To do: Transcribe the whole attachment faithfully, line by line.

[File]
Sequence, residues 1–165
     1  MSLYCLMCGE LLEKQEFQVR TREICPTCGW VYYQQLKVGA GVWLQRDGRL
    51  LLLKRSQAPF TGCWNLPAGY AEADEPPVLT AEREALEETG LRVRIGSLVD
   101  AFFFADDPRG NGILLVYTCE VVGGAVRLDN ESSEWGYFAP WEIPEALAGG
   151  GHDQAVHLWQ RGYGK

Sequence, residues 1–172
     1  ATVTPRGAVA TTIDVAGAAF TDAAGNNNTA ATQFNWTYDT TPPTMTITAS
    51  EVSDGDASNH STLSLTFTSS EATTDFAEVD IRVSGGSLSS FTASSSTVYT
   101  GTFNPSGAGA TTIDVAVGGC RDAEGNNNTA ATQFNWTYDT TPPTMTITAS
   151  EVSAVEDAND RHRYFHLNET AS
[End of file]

Sequence, residues 1–165
     1  MSLYCLMCGE LLEKQEFQVR TREICPTCGW VYYQQLKVGA GVWLQRDGRL
    51  LLLKRSQAPF TGCWNLPAGY AEADEPPVLT AEREALEETG LRVRIGSLVD
   101  AFFFADDPRG NGILLVYTCE VVGGAVRLDN ESSEWGYFAP WEIPEALAGG
   151  GHDQAVHLWQ RGYGK

Sequence, residues 1–172
     1  ATVTPRGAVA TTIDVAGAAF TDAAGNNNTA ATQFNWTYDT TPPTMTITAS
    51  EVSDGDASNH STLSLTFTSS EATTDFAEVD IRVSGGSLSS FTASSSTVYT
   101  GTFNPSGAGA TTIDVAVGGC RDAEGNNNTA ATQFNWTYDT TPPTMTITAS
   151  EVSAVEDAND RHRYFHLNET AS